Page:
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AIDS is not over: long-term, progressive leadership needed to change face of the epidemic by 2031

The following statement was issued December 1, 2009 on World AIDS Day by the Commonwealth, UNAIDS and the Institute for Global Health of Imperial College. It was issued at the Commonwealth Heads of Government Meeting in Trinidad. The Commonwealth is an association of 53 independent countries formerly a part of the British Commonwealth that today work together to promote democracy, human rights, individual liberties, good governance and world peace.

Michel Sidibé, Executive Director, UNAIDS, Geneva
Kamalesh Sharma, Commonwealth Secretary-General, London
Peter Piot, Director, Institute for Global Health, Imperial College, London

HIV/AIDS was the first global epidemic to be allocated a dedicated international day — and with good reason. As we mark this 22nd World AIDS Day, HIV/AIDS remains a lethal threat to millions the world over, despite progress in improving access to treatment and reducing new infections.

The Commonwealth is home to two-thirds of the world’s people living with HIV, including two-thirds of women living with HIV. But the Commonwealth also represents a huge potential for breaking the trajectory of the pandemic. The association’s 53 members share common traditions and values, in the same way that they share common aspirations and challenges. The Commonwealth has long-established networks of government and civil society partners, in health as well as in the related spheres of law, education, finance and gender. These networks can advance the cause of the Commonwealth’s work, for example, in overcoming the legal, social and economic barriers to universal access to effective HIV/AIDS prevention, treatment, care and support.

Universal access and human rights — the theme of this World AIDS Day — provides a case in point. AIDS often hits hardest the most marginalised populations. Legal frameworks in many countries exacerbate the situation by criminalising the behaviour of these groups that are most at risk of HIV. Such laws and other forms of discrimination can present real obstacles to delivering essential services.

When World AIDS Day was launched in 1988, the AIDS landscape was very different from today. Thanks to advances in science and medicine, changes in funding,and the courageous and persistent demands of people living with HIV, we now have anti-retroviral treatment to prolong the lives of people living with AIDS. Public information and education campaigns have improved awareness.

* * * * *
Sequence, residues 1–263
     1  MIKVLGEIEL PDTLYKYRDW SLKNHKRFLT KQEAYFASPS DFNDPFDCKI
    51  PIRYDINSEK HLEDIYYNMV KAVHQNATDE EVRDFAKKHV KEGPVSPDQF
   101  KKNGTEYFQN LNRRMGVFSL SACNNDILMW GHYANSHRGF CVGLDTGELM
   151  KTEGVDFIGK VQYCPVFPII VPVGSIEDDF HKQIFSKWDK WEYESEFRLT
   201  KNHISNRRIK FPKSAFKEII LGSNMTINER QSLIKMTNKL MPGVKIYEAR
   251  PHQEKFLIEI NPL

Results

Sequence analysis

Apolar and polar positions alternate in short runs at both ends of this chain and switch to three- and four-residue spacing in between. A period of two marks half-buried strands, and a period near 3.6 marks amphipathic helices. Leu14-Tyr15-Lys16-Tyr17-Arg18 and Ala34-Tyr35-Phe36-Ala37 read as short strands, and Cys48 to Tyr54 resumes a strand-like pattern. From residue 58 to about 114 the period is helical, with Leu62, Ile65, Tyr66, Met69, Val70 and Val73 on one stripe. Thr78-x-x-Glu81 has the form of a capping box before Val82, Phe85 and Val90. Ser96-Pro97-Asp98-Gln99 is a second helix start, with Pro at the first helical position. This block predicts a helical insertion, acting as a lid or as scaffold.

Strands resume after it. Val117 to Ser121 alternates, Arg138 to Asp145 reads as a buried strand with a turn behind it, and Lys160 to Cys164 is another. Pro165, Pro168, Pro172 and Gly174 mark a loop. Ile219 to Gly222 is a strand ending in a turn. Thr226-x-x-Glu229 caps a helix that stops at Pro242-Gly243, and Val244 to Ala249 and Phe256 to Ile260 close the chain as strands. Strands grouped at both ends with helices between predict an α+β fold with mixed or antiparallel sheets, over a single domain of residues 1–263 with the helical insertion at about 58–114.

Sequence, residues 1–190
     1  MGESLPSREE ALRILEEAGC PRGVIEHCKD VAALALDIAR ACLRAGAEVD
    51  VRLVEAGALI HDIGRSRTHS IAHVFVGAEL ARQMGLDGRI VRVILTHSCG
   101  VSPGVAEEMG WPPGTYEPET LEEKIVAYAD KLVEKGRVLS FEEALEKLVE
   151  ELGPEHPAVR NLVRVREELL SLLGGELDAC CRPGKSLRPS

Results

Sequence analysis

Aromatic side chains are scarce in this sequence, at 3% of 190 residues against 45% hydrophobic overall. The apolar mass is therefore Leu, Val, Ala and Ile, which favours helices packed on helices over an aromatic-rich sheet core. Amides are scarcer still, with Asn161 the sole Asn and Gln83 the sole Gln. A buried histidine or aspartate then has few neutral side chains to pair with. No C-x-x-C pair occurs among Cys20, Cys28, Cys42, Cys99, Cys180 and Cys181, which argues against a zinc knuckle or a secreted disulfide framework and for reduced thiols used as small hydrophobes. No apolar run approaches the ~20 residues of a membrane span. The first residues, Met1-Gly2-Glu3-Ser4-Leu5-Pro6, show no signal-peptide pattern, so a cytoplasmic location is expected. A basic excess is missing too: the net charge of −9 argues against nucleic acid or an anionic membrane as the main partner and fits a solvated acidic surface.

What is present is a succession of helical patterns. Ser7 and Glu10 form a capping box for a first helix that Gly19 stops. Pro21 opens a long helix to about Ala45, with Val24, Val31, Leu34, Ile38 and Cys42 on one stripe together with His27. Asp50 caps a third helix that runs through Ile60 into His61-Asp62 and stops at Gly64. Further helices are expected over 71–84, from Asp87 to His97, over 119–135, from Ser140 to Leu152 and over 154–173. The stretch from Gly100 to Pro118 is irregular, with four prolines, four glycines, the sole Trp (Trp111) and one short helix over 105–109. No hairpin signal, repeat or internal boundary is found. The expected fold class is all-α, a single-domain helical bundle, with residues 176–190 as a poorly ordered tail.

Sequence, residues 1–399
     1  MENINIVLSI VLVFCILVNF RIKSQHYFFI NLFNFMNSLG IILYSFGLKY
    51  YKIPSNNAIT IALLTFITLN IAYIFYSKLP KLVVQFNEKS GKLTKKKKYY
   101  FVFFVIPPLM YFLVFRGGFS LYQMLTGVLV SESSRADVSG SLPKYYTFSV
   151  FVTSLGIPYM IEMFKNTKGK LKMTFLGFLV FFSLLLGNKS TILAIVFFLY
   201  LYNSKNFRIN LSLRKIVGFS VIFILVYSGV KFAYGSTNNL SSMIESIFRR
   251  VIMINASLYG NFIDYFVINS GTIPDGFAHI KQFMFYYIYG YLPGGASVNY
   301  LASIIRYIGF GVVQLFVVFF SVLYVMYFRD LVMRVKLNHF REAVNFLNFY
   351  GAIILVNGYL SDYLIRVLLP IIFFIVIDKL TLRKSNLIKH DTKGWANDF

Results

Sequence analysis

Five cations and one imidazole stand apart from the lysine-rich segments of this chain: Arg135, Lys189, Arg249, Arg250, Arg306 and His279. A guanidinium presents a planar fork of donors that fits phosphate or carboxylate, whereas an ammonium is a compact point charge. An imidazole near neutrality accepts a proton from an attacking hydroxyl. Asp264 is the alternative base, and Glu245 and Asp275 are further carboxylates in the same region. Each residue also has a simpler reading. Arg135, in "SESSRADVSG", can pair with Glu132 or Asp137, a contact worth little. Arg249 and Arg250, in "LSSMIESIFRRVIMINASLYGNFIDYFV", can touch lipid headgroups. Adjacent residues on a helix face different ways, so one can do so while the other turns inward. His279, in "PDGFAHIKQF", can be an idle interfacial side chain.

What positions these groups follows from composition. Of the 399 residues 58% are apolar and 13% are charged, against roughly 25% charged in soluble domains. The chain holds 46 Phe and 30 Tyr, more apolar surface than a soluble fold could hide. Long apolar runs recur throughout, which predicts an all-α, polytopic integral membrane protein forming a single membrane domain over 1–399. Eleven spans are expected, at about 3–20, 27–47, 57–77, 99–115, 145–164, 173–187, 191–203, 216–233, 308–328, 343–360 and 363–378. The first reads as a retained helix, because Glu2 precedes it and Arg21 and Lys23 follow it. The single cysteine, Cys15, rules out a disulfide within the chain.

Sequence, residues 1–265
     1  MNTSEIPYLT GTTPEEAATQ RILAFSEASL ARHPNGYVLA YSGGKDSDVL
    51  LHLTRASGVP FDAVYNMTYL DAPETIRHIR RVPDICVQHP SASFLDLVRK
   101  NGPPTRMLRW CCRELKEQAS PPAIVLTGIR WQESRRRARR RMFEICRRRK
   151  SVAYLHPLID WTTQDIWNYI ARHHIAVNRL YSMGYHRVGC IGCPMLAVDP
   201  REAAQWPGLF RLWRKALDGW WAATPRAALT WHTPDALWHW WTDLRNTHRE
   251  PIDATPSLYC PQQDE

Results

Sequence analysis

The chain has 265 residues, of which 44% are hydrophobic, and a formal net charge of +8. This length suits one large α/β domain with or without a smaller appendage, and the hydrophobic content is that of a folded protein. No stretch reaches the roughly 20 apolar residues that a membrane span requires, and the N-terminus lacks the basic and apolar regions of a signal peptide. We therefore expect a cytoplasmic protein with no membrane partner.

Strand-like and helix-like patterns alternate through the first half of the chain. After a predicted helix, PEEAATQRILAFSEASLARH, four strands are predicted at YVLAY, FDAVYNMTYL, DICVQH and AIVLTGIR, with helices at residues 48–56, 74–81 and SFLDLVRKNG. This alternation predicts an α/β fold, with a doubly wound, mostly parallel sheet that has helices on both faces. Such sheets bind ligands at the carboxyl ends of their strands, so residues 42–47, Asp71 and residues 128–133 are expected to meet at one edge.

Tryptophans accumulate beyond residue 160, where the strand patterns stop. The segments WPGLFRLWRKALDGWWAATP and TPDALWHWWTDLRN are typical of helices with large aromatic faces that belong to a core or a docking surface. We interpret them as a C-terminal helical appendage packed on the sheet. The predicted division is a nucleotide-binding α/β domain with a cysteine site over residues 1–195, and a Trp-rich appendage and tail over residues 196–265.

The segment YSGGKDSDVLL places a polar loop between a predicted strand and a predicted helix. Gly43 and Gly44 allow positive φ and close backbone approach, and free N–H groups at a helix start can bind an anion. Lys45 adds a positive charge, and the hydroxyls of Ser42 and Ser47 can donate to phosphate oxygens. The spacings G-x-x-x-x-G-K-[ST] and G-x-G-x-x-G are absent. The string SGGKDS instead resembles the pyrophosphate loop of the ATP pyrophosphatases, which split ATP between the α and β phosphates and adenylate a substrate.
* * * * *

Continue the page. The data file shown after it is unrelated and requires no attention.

But AIDS is by no means over and, despite what some may think, there is still a significant funding shortfall from what is needed to manage the epidemic now and into the future. Treatment is not available for more than 5 million people who need it. Moreover, for every two people who start anti-retroviral therapy, five are newly infected — many of them young people. We are creating a growing, unsustainable load on public health systems, budgets and communities.

HIV will continue its devastating impact on sub-Saharan Africa, and will pose an increasing risk to communities in many parts of Asia and the Caribbean. Recent research, by the independent aids2031 initiative with support from UNAIDS, suggests that unless the world dramatically changes its approach to the epidemic, by 2031 — 50 years after AIDS was first reported — between 1 and 2 million people per year are likely to be infected with HIV, and developing countries could face an annual AIDS bill of US$35 billion.

Those who care about the impact of HIV on Commonwealth countries must accept that much of the response to the pandemic has been short-sighted and based on the hope that there will be some magic formula to address the complex social and economic challenges associated with the disease. In the long term, progressive leadership and effective management of the pandemic will require affirmative answers to five key questions:

Do we fully understand our epidemic? AIDS is strongly connected with specific social, economic and cultural realities to which each AIDS response must be tailored.

Are we actively engaging the individuals and communities affected by AIDS? Their experience and knowledge means they have much to contribute.

Are we doing the right things to continue to increase access to medicines, particularly second-line treatment? This may mean, for example, creating patent pools to drive down the cost of production and increase competition.

Are we doing all we can to bridge the funding gap — and tapping innovative financing mechanisms? For example, leveraging mechanisms such as the Currency Transaction Levy beyond the G-20?

Are we using funds as efficiently as possible by supporting cost-effective interventions that address the needs of the most vulnerable? We need improved targeting of resources and more intelligent prevention.

If we start answering these questions today, we may not need a World AIDS Day in 2031. Until then, this day provides an opportunity for all citizens of the Commonwealth to ask the right questions, and to come together to devise the best approaches to ensure universal access.

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